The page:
Kenneth Kaunda, Zambia’s First President, Dies at 97

Zambia’s former president Kenneth Kaunda attends the 40th anniversary of independence in Lusaka October 24, 2004, after the government publicly apologized for arresting and jailing him on trumped-up charges in 1997. Known as Northern Rhodesia under British rule, Zambia won independence from Britain following successful negotiations with freedom fighters led by Kenneth Kaunda, the founding president. REUTERS/Salim Henry RSS/GB/File Photo

Kenneth Kaunda, Zambia’s first president and one of the last of the generation of African leaders who fought colonialism, has died aged 97.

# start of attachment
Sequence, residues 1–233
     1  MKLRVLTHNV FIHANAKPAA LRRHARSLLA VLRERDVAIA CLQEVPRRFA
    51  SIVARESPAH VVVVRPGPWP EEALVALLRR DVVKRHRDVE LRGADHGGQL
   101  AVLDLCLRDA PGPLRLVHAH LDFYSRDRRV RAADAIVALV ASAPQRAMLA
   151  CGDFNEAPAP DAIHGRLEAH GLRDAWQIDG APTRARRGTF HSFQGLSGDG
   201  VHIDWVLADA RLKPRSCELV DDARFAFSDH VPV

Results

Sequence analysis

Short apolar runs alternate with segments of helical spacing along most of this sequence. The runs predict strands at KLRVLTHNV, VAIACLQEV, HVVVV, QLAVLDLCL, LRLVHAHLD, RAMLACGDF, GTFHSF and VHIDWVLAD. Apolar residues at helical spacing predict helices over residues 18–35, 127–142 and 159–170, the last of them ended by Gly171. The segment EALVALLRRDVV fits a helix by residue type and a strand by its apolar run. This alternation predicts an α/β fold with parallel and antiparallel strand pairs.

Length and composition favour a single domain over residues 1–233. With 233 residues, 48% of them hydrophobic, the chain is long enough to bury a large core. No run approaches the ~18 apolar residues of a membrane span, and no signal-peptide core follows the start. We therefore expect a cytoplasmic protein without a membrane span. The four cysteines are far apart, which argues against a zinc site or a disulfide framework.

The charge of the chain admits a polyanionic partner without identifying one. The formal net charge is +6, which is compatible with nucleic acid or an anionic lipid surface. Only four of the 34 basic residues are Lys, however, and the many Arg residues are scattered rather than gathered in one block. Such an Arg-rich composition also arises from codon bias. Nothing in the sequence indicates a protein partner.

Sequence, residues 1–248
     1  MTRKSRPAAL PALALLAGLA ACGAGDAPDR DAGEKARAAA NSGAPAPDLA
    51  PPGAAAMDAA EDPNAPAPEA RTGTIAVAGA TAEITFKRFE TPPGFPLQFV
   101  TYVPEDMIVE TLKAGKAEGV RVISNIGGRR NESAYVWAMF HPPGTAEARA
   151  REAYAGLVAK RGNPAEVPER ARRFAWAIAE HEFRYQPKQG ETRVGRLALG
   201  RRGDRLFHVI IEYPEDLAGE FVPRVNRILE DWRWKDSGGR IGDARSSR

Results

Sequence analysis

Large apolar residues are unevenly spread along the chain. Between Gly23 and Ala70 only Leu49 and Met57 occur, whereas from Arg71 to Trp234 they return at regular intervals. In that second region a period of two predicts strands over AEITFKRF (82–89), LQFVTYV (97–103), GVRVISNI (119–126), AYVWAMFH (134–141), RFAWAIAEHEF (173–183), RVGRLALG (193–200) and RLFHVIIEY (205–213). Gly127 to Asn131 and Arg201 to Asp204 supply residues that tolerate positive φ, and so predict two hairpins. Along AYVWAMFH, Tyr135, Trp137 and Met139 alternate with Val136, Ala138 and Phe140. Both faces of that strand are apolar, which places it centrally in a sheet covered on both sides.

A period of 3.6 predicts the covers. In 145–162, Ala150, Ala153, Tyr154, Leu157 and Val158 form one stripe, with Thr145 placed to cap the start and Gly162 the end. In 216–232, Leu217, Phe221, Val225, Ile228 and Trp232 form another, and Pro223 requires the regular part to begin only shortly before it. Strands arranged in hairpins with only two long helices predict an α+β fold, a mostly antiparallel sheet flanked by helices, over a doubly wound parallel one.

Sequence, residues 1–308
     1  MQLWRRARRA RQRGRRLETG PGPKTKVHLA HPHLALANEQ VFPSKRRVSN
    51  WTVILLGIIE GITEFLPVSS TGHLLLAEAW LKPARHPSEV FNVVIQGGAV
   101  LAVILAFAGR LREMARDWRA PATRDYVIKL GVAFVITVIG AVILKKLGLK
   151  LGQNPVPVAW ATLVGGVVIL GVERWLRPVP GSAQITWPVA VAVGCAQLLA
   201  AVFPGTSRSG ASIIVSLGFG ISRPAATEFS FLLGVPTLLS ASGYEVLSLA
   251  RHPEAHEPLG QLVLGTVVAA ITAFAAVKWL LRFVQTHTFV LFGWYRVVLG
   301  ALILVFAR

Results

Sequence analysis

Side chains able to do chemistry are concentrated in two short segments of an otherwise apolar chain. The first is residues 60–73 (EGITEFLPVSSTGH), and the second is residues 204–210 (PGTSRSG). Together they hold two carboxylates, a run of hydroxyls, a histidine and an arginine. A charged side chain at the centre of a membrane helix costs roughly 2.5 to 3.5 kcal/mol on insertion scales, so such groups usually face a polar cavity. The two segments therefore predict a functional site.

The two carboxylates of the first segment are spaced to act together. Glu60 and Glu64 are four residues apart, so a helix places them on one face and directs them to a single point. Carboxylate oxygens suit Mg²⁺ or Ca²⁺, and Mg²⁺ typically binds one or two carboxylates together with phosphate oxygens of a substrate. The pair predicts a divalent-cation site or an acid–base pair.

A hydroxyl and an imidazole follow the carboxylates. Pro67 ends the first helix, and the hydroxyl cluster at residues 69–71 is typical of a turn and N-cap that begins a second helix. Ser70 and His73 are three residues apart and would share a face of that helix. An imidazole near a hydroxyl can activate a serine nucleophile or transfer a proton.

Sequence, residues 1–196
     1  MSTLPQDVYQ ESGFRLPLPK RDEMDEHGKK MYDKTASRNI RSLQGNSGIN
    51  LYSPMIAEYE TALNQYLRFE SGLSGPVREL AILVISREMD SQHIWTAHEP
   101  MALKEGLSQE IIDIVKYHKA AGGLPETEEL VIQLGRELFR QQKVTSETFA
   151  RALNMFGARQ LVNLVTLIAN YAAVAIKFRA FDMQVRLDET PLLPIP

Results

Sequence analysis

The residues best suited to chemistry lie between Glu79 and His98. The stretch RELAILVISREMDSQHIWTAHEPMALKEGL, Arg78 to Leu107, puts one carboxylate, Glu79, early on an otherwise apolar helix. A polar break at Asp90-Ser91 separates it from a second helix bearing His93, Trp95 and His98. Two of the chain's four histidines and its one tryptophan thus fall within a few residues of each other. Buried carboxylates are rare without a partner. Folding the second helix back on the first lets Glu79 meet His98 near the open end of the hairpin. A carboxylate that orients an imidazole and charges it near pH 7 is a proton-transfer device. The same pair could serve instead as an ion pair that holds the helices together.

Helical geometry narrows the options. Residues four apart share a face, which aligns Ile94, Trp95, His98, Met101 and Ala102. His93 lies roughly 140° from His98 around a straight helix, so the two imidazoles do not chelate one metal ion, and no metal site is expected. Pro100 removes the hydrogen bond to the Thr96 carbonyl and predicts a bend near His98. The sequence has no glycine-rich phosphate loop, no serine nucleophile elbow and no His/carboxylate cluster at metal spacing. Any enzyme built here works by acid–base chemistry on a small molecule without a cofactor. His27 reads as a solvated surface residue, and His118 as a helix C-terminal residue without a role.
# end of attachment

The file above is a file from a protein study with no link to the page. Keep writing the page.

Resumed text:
Kaunda was admitted to a military hospital in the capital, Lusaka, on Monday suffering from pneumonia. His aides said he did not have Covid-19.

In the 1950s, Kaunda was a key figure in what was then Northern Rhodesia’s independence movement from Britain.

He became president following independence in 1964.

As head of the left-leaning United National Independence Party (UNIP), Kaunda then led the country through decades of one-party rule.

He stepped down after losing multi-party elections in 1991.

“I am sad to inform we have lost Mzee,” Kaunda’s son, Kambarage, wrote on his late father’s Facebook page, using a term of respect. “Let’s pray for him.”

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